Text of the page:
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Marine Ecology Progress Series

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MEPS 398:287-303 (2010)  -  DOI:

Exposure of the North Atlantic right whale Eubalaena glacialis to the marine algal biotoxin, domoic acid

Luis F. Leandro1,2, Rosalind M. Rolland3, Patricia B. Roth2, Nina Lundholm4, Zhihong Wang1, Gregory J. Doucette1,*

1Marine Biotoxins Program, NOAA/National Ocean Service, 219 Fort Johnson Rd., Charleston, South Carolina 29412, USA
2Grice Marine Laboratory, College of Charleston, 205 Fort Johnson Rd., Charleston, South Carolina 29412, USA
3Research Department, New England Aquarium, Central Wharf, Boston, Massachusetts 02110, USA
4Section of Aquatic Biology, Biological Institute, University of Copenhagen, Øster Farimagsgade 2D, 1353 Copenhagen K, Denmark
*Corresponding author. Email:

ABSTRACT: In addition to ship collisions and fishing gear entanglements, recovery of the highly endangered North Atlantic right whale Eubalaena glacialis has been challenged by reproductive abnormalities and compromised health. Of the factors hypothesized as contributing to the observed reproductive dysfunction in right whales, exposure to marine biotoxins such as domoic acid (DA) has received comparatively little consideration. The present study assessed the occurrence of DA in right whale feces, copepods, and krill collected from April through September of 2005 and 2006 on the whales’ feeding grounds along the northeastern USA and eastern Canada. DA was detected by surface plasmon resonance (SPR) in 69 right whale fecal samples, 6 krill samples, and 32 copepod samples. Many of the latter were dominated largely by Stage V Calanus finmarchicus copepodites. DA detection by SPR in fecal and zooplankton collections was verified by receptor binding assay and confirmed using liquid chromatography-tandem mass spectrometry (LC-MS/MS). Moreover, LC-MS/MS determined the presence of a putative methylated DA metabolite in all fecal and zooplankton samples analyzed. Frustules of several potentially toxic Pseudo-nitzschia spp. were identified in whale feces and phytoplankton samples by light and electron microscopy. Electron microscopy also revealed an abundance of C. finmarchicus mandibles in right whale feces. These findings confirm that E. glacialis was exposed to DA for several months, likely through ingestion of a DA-contaminated copepod vector. The extent to which this algal biotoxin may contribute to the failed recovery of the E. glacialis population warrants further investigation.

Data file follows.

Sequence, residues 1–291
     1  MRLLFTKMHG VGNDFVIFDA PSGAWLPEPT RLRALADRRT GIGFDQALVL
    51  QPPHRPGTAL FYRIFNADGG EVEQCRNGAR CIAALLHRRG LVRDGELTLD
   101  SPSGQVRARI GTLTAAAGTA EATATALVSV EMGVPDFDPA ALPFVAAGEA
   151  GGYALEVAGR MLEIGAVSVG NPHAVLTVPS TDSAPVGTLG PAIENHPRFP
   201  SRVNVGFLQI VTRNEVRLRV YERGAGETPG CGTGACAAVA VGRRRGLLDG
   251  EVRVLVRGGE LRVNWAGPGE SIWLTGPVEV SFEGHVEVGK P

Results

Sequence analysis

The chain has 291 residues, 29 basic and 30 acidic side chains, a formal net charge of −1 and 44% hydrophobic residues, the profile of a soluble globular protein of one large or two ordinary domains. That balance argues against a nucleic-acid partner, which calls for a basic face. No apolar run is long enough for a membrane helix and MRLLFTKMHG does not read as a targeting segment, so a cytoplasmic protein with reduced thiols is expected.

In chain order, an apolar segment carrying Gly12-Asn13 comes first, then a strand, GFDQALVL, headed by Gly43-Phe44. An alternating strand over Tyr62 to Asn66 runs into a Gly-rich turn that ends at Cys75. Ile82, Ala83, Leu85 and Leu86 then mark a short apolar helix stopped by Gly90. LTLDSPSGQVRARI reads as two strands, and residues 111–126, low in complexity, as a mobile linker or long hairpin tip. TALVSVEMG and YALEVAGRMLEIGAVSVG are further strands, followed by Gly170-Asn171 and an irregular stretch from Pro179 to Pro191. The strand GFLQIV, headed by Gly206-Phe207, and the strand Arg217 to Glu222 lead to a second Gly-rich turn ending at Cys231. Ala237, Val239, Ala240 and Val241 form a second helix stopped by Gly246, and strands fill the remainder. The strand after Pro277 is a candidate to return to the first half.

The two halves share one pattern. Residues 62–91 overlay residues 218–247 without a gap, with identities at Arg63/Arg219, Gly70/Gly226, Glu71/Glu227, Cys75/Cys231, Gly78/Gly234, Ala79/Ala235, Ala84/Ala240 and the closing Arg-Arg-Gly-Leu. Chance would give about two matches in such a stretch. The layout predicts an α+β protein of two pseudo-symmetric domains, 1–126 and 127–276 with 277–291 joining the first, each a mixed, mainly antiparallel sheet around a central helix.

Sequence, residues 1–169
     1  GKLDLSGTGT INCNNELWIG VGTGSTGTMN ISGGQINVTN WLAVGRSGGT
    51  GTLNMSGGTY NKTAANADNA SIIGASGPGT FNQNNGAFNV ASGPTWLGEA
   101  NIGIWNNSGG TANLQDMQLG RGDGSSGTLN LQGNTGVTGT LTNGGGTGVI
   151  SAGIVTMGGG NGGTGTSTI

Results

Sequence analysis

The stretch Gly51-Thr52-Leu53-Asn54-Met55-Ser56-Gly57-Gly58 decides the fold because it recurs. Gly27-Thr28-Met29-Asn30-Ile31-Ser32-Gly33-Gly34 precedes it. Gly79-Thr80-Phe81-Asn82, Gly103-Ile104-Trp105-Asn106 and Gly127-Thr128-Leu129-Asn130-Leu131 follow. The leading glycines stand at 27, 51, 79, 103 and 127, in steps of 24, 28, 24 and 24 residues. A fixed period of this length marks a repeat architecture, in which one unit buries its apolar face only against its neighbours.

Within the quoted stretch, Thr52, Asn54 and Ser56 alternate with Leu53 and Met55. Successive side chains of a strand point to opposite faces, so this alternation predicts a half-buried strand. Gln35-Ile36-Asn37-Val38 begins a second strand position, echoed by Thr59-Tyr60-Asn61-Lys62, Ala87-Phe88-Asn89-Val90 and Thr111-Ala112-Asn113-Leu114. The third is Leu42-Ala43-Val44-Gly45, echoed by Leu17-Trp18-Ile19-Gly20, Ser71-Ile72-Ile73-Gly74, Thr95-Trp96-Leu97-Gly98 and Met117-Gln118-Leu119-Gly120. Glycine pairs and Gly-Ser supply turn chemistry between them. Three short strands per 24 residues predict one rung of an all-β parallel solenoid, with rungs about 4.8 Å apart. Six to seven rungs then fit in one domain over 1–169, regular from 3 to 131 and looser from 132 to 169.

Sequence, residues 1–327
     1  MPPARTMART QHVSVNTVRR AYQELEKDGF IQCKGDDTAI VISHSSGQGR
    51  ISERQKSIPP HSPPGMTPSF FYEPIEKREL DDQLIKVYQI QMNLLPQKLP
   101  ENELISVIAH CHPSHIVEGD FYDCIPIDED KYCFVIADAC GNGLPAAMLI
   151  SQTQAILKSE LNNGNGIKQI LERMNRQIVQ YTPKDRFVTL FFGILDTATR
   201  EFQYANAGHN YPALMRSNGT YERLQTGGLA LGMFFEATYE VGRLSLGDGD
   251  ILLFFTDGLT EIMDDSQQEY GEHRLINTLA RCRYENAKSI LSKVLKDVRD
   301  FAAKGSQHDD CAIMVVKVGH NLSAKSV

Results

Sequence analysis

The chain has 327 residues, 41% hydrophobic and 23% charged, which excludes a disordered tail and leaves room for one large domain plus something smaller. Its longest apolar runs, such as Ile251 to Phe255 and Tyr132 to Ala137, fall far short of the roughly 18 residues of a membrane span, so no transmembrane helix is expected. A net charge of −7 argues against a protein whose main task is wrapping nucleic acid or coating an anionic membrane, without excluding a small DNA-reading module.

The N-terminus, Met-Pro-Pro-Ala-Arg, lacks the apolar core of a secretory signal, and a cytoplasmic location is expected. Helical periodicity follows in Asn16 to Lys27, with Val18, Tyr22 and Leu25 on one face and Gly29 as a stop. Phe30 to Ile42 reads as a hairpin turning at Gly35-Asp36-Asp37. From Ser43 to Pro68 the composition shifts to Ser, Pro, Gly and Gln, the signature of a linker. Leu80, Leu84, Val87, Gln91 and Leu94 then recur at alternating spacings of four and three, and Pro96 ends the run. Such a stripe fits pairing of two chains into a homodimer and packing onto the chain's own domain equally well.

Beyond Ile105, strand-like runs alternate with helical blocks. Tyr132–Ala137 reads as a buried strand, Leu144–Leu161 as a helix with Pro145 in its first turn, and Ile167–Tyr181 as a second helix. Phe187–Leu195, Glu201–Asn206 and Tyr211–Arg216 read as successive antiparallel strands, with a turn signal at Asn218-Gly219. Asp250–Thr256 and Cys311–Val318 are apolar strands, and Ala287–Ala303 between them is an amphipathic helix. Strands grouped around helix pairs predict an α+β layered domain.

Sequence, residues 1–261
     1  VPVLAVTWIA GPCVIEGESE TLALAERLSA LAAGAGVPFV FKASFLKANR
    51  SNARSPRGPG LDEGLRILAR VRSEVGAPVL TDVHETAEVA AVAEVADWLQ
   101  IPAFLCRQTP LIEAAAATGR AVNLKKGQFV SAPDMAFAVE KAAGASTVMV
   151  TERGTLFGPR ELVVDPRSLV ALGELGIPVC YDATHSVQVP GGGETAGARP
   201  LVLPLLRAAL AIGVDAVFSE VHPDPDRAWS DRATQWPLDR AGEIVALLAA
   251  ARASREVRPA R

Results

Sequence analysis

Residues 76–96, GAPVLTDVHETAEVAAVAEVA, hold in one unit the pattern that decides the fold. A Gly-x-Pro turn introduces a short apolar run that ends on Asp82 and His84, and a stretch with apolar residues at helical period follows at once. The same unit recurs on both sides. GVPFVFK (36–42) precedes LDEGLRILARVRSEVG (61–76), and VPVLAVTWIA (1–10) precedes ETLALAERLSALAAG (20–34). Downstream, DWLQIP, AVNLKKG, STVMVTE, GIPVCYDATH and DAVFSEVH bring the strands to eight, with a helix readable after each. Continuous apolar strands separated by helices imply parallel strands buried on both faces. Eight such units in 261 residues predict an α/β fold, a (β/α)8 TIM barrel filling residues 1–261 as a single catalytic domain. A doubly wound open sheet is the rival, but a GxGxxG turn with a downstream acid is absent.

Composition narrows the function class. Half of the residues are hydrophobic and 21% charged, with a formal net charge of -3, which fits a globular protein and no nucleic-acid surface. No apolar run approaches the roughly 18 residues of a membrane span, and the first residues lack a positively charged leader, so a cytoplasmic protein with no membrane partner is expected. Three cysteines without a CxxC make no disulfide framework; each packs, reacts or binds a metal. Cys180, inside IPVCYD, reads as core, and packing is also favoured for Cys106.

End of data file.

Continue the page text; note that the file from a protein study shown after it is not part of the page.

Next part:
KEY WORDS: Domoic acid · Eubalaena glacialis · Right whale · Pseudo-nitzschia · Calanus finmarchicus · Copepod · Biotoxin trophic transfer · Harmful algal blooms

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Cite this article as: Leandro LF, Rolland RM, Roth PB, Lundholm N, Wang Z, Doucette GJ (2010) Exposure of the North Atlantic right whale Eubalaena glacialis to the marine algal biotoxin, domoic acid. Mar Ecol Prog Ser 398:287-303.

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